Humankind: Who Are We?

I Look at You and See Myself . . .

You inhale the essence
Of a delicate flower-
A smile of serenity
Barely touching your lips.
. . . just as I have done.

You hold your child’s hand
As she urges you on-
A smile of delight
Shining in your eyes.
. . . just as I have done.

You gaze at the stars,
The night sky a-glitter-
Lips parted in wonder,
Vibrant awe on your face.
. . . just as I have done.

We’ve shared the same joys,
Your face tells the story,
Denying the differences
We’re taught to expect.
. . . (our hearts know better.)

 

Imagine that our imagination is limited. . .

Our questions about who we are as human beings probably began at the same time our most notable human trait emerged: our self-awareness.  In our more recent history, those questions seemed to center around examining our biology and our environment for answers, the “nature vs. nurture” dilemma.  Which aspect or combination of these aspects determines who we become as individual persons?  And are those determinants- if we dare use such a strong term- the same for all of us?

Consider consensus of expert scientific knowledge/opinion up to the present time as it applies to the nature or biological aspect of our dilemma.  We have learned while human DNA is unique to each of us (with the exception of identical twins) it is similar enough in all of us to define us as a species, to differentiate us from other living things on earth.  Scientists have mapped the human genome in attempts to define the role of genetics in human physiology and to understand how genetic variations may affect individual people.   This effort has complemented ongoing studies of gross and microscopic human anatomy and physiology, broadening our knowledge immensely.  Yet the process is very far from complete.  For example, in studying the human brain, scientists have concluded we only use a small percentage of our probable potential.  What’s going on in the parts we supposedly don’t use?   For now, no one knows.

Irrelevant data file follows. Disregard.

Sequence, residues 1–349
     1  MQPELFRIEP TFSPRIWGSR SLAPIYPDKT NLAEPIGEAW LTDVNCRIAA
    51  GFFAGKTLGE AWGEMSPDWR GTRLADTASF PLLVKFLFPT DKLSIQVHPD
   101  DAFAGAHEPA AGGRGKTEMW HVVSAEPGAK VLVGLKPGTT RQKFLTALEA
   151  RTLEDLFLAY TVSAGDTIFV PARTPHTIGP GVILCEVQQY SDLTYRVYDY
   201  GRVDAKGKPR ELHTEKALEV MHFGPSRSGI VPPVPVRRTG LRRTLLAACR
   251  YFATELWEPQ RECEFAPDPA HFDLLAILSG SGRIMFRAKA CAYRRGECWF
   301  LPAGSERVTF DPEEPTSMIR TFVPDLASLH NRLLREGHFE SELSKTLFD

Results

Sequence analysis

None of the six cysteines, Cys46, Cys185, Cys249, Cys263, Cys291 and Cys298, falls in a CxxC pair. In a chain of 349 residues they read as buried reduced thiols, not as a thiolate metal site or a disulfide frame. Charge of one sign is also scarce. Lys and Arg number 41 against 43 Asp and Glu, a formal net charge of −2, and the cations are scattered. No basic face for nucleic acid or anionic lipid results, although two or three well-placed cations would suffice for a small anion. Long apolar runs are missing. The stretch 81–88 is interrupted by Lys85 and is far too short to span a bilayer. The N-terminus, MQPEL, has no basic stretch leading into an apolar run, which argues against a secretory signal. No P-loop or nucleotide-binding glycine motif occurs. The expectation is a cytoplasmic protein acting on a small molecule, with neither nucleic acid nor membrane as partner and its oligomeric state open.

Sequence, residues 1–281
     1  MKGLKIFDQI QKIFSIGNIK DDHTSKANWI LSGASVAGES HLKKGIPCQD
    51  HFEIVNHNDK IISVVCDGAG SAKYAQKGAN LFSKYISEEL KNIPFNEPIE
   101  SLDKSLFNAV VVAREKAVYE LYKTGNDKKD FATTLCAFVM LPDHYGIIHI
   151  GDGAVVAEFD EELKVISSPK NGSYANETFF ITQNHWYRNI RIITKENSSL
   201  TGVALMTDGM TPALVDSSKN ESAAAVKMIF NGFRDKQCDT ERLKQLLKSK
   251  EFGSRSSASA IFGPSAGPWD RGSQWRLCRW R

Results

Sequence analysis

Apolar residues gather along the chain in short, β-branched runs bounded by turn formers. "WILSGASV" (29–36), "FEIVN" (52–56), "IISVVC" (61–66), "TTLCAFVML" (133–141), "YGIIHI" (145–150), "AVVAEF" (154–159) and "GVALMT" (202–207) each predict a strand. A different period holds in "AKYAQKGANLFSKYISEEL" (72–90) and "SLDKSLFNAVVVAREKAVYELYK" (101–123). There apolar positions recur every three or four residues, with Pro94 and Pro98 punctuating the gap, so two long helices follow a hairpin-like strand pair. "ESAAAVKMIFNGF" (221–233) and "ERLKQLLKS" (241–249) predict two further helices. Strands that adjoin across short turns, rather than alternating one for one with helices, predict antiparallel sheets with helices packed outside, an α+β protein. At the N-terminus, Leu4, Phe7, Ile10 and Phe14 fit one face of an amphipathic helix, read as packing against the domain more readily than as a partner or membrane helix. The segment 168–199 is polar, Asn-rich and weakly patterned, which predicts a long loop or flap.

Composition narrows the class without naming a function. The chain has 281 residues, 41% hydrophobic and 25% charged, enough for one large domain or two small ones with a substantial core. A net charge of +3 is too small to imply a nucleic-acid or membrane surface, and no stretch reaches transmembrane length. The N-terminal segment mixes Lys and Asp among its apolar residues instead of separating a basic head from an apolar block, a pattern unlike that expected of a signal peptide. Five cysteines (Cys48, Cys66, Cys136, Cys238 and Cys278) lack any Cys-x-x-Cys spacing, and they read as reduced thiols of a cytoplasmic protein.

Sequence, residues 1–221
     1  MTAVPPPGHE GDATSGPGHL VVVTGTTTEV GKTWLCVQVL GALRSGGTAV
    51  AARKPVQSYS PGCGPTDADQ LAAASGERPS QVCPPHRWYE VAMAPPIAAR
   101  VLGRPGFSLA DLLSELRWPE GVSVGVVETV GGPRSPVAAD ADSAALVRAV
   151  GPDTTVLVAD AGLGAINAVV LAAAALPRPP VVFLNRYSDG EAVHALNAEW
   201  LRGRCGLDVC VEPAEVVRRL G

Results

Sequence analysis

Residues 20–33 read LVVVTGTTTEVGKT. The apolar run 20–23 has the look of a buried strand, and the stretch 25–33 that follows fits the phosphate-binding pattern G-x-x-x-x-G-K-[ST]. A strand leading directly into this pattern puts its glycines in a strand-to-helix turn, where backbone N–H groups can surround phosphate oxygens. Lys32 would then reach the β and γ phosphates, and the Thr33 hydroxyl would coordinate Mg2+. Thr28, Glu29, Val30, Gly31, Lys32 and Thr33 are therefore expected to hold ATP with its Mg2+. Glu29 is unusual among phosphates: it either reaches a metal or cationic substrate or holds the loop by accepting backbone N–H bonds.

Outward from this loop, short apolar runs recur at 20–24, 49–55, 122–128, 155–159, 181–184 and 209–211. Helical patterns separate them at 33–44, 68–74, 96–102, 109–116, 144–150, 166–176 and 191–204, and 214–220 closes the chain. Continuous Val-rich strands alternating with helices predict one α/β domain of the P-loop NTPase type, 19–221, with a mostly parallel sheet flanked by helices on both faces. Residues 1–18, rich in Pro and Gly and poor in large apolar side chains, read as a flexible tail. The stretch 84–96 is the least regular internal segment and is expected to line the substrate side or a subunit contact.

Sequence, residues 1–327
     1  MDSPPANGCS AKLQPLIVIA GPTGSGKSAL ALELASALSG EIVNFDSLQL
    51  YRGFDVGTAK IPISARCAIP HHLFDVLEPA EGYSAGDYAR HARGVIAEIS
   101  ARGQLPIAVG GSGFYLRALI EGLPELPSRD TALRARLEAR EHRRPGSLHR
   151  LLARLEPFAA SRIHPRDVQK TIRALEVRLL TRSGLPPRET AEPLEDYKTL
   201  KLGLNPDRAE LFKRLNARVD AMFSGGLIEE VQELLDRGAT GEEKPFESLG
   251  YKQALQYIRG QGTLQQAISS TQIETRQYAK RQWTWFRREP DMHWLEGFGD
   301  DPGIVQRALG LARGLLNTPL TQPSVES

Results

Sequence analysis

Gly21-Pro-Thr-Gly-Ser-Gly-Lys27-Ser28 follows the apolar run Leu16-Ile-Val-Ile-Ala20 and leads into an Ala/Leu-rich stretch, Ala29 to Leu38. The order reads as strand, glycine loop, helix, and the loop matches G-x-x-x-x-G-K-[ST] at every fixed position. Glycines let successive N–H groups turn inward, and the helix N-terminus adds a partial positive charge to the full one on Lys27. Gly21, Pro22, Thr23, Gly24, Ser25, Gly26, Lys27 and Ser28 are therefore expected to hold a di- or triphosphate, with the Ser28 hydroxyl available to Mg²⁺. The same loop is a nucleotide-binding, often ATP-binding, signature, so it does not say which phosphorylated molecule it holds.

At a level more essential than DNA and  human physiology,  we long ago discovered everything in our known universe is composed of atoms, the characteristics of which we continue attempting to define and describe.  So humans share our very basic components with the universe.  In fact many scientists describe the earth and all its inhabitants as having been created by stardust.  In a very real sense, we are ONE with the universe.

But each of us experiences the universe in our own unique way.  Thus the nurture aspect of our dilemma in defining how we become an individual appears to be even more complex.  From the womb to the world at large, the variations of our experiences are infinite.  We are each taught by our families and communities how to conduct ourselves, and in many cases, what and how to think and believe.  As we mature, we internalize all we’ve been taught and we also internalize our responses to what we have learned.  We question, we continue to seek knowledge, and we choose what resonates within us as our truth.

Given all we have learned it appears humans have limitations.  Our nature limits us; our lifespan is short.  Our nurturing limits us merely because it would be impossible to experience all life has to offer.  Must we conclude that our imagination also has limits?  Or is it possible our very fixation on using nature and nurture to define what it means to be human has been our major limitation all along? Are we still not seeing the whole picture?

Can we imagine ourselves as being MORE than our scientific endeavors have revealed?  Can we imagine how being ONE with the universe may add another dimension to our understanding of who we are?  Can we imagine how our existence as part of infinity would present us with infinite variables to consider as we seek to describe humankind?      Can we imagine. . . ?

Yes, we most certainly can- and have done so in our own ways. But no matter where our imaginations take us, no matter what beliefs suggest themselves in our mindful wanderings, I pray we all continue imagining, so we might remove ourselves- our BEING- from our genetic and experiential limitations and avoid imposing further limits on describing our humanity.

 

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